Malaysian Ex-PM Najib Attends 1st Day of Graft Trial
KUALA LUMPUR, Malaysia — Former Malaysian Prime Minister Najib Razak appeared in court Wednesday for the start of his corruption trial, exactly 10 years after he was first elected to office only to suffer a spectacular defeat last year on allegations he pilfered millions of dollars from a state investment fund.
The trial was originally due to start in February but was delayed by procedural matters. Najib’s lawyers filed an urgent motion to challenge the charges, which include criminal breach of trust, money laundering and abuse of power. The High Court judge said he will hear the application at a later date and ordered the trial to proceed.
Ten years ago this Wednesday, Najib became Malaysia’s sixth prime minister but anger over the 1MDB investment fund scandal led to his electoral loss last May. U.S. investigators say more than $4.5 billion was stolen from 1MDB by associates of Najib between 2009 and 2014. They say the ill-gotten gains were laundered through layers of bank accounts in the U.S. and other countries to finance Hollywood films and buy hotels, a luxury yacht, art works, jewelry and other extravagances.
Some $700 million from the fund that Najib set up for Malaysia’s economic development allegedly landed in his own bank account.
One of only a few Southeast Asian leaders to be arraigned after losing office, Najib has denied any wrongdoing.
The 65-year-old was greeted by a small group of supporters as he arrived at the courthouse. They all bowed their heads in a short prayer before Najib went up to the courtroom.
Wednesday’s trial is the first of several against Najib, who has been charged with 42 counts of criminal breach of trust, graft, abuse of power and money laundering in one of Malaysia’s biggest criminal proceedings. His wife, Rosmah Mansor, also has been charged with money laundering and tax evasion linked to 1MDB. She has also pleaded not guilty and her trial has not been set.
Najib’s son, Norashman Najib, praised his father for his “tremendous strength and resolve.” He tweeted late Tuesday that the trial will be an “excruciatingly difficult period” for his father but that “with the right attitude, even the most trying of situations can be a blessing from Allah.”
The patrician Najib, whose father and uncle were Malaysia’s second and third prime ministers respectively, has fought back with a political makeover on social media that aims to transform his image from an out-of-touch elitist to a leader for the working class.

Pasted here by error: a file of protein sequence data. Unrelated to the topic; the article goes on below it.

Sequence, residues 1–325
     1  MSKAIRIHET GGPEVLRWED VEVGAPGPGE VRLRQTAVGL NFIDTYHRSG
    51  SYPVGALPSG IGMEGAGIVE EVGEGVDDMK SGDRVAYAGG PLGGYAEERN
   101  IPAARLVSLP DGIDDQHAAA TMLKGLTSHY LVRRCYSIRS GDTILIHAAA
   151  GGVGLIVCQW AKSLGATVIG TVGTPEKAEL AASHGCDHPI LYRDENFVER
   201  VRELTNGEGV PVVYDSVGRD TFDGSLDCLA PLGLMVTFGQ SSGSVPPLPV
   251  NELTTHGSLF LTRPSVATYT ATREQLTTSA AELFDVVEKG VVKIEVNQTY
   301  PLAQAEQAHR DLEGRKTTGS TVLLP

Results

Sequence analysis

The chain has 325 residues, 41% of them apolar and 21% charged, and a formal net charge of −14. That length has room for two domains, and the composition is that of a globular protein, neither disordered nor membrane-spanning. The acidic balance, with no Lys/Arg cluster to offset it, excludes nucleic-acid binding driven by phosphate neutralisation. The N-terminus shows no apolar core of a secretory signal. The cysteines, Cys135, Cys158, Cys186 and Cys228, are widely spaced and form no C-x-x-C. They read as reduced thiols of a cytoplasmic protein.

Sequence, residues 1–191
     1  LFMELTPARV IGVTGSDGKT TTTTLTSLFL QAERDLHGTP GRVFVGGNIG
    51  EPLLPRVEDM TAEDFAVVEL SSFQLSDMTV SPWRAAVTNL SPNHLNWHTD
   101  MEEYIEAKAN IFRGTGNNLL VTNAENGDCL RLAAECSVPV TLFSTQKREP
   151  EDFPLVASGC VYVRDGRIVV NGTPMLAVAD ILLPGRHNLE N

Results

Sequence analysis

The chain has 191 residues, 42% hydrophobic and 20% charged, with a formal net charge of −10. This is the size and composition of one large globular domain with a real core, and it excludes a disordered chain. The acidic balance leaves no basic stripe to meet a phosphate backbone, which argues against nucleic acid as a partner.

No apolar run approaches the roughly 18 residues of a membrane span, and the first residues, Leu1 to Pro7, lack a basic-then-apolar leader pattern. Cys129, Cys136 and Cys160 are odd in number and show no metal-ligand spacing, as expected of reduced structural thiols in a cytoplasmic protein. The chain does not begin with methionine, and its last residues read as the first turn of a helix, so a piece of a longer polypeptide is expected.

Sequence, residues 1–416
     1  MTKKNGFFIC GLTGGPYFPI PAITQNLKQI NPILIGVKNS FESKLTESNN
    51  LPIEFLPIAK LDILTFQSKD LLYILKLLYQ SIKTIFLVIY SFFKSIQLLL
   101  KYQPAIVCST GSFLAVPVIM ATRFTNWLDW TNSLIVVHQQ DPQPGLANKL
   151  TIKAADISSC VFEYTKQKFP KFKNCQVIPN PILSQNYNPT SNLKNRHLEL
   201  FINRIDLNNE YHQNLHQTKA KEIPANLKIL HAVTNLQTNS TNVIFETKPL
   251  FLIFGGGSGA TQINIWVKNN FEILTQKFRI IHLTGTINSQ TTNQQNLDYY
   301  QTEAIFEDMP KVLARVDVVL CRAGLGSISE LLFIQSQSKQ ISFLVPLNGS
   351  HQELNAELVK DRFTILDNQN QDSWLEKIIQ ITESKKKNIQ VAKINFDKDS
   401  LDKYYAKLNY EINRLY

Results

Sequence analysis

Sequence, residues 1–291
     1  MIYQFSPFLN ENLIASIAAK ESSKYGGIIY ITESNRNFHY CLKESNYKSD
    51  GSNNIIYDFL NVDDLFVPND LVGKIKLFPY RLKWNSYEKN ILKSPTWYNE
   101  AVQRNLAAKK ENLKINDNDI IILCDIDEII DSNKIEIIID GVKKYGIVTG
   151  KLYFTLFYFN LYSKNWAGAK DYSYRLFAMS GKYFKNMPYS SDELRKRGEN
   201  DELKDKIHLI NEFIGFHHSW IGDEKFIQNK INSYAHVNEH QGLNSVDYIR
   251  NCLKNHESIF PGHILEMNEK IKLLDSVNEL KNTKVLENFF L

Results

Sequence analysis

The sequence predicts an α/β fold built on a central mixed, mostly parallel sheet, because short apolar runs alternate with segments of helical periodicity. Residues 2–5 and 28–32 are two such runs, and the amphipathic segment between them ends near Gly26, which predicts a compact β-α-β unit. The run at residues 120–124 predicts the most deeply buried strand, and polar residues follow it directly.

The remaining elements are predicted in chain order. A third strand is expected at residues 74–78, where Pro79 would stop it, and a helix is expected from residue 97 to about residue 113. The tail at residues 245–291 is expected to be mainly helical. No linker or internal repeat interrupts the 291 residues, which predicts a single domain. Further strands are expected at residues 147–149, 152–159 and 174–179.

A Malay-language catchphrase translating to “What’s to be ashamed about, my boss?” was coined while he was campaigning in a by-election last month and has become his new rallying cry. Expensive tailored suits have been replaced by hoodies and jeans. A picture Najib posted on social media showing himself posing on a Yamaha motorcycle with his new “‘no-shame” meme resonated with many Malay youths disenchanted by Prime Minister Mahathir Mohamad’s new government.
In another offbeat music video that he uploaded on social media, Najib slammed the new government as “liars” and crooned about the “slander and revenge” against him in a Malay-language rendition of the 1970’s R&B soul hit “Kiss and Say Goodbye” by the Manhattans.
He posts a dozen messages daily, mostly mocking the new government and its policies, and touching on the plight of the needy.
Despite his smiles and “cool” public persona, Najib could face years in prison if convicted.
Once a towering figure in politics, Najib has fallen from grace swiftly since his historic electoral loss, which led to the first change of government since Malaysia’s independence from Britain in 1957.
The new government soon after it took office reopened investigations into 1MDB that had been stifled under Najib. He and his wife were barred from leaving the country and grilled by anti-graft officials, and their properties raided. Truckloads of luggage stashed with cash, jewelry and hundreds of expensive designer bags worth a staggering 1.1 billion ringgit ($270 million) were seized from their home and other properties.
Story: Eileen Ng